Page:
…But the Dream Should Die – Why Ted Kennedy Should be the Last Kennedy Ever Elected – Joe Keohane
David Kennedy was 12 was his father was murdered. He had been sitting in a room at the Beverly Hills Hotel with Diane Broughton, one of Bobby Kennedy’s campaign aides, watching his father on TV address the crowd after beating Eugene McCarthy in the 1968 California presidential primary. Suddenly, the tone of the coverage shifted. The commentators started talking about a shooting. Broughton turned up the sound. “What happened?” David asked. Broughton said nothing happened, but already David knew, and he sat there staring at the screen, shaking in his blue suit. Eventually Broughton wrapped him in a blanket and held him. Days later, on the train carrying Bobby’s body to Arlington National Cemetery, David spent much of the trip with his head hanging out the window, buffeted by the wind.
A precocious, athletic, and sensitive kid, David had a hard time coping with the twin tragedies that befell his family. By the time he followed his brother Bobby Jr. to Harvard in 1973, the pair were deep into drugs. The only difference was Bobby could keep it together, while David quickly came apart. A run-in with a dirty needle landed him in Mass General in 1976, and he dropped out of Harvard soon after. His family labored to keep his problems under wraps, frequently sending him abroad, institutionalizing him, and subjecting him to experimental treatments. But when David was robbed in a Harlem junkie hotel in 1979, the word got out.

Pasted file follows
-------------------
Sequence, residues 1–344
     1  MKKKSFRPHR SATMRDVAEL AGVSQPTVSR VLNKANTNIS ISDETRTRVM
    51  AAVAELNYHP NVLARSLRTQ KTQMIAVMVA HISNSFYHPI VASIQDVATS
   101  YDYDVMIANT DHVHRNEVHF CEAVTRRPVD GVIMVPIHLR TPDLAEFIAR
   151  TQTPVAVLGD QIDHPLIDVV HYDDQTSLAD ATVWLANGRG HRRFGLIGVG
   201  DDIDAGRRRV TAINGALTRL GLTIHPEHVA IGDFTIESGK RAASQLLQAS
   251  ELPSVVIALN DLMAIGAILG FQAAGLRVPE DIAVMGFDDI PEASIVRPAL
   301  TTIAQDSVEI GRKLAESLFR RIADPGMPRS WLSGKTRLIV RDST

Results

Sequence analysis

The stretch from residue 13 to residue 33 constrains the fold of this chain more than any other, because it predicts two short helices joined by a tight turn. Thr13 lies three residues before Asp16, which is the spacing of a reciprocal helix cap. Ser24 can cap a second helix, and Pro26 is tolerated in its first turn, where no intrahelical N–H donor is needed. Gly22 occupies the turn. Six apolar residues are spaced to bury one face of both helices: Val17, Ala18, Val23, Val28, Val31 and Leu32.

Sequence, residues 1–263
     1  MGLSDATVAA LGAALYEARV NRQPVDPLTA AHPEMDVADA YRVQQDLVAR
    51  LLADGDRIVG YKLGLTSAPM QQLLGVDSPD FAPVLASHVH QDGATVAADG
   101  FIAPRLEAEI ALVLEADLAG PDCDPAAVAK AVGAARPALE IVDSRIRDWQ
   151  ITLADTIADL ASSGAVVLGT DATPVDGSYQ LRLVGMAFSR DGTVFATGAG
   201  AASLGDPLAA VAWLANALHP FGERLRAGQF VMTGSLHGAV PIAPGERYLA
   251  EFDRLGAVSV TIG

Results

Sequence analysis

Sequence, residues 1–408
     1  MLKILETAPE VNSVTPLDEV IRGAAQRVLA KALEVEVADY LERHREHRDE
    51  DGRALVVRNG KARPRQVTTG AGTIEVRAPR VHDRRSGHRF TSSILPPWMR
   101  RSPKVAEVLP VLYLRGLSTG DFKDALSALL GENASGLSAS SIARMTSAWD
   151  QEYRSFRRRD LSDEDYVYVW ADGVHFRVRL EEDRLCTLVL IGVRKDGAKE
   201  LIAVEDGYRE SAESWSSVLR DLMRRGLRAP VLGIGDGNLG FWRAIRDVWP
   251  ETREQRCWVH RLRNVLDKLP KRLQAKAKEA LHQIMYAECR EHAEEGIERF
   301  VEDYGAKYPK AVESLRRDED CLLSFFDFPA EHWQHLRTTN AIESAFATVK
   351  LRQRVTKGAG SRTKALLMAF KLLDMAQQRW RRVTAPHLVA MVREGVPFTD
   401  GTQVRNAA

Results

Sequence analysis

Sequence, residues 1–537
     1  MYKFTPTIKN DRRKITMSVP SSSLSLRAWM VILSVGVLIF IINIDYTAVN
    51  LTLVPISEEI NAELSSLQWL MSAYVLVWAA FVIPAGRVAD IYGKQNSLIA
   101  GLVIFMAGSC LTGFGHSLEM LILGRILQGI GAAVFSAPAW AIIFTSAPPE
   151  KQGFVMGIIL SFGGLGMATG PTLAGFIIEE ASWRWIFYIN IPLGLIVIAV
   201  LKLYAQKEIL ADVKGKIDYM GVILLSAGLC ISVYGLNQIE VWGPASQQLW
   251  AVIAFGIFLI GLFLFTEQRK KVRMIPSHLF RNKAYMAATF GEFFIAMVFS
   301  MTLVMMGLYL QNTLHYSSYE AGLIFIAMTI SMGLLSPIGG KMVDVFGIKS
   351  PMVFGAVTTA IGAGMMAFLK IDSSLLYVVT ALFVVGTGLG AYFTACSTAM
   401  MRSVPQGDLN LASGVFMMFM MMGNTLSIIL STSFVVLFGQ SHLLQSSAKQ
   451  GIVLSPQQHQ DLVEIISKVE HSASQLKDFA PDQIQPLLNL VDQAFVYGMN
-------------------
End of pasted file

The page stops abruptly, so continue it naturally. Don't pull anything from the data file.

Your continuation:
The family expected him to turn up dead sooner or later, yet David managed to live longer than anyone thought possible. He attributed this longevity to being shorn of any illusions about what it meant to be a Kennedy. In reality, he merely traded a crushing public burden for a crushing private one. He carried himself as something of a Shakespearean fool, shambling about, dispensing cold little bits of truth amid the usual junkie perma-babble. “My Uncle Jack and my father always used to quote that Englishman, ‘Politics is the noblest profession,'” he said, not long before fatally overdosing in 1984. “To me, politics is crap. That’s the main thing, maybe the only thing, I’ve learned in my life. America needs a rest from the Kennedys, and vice versa.”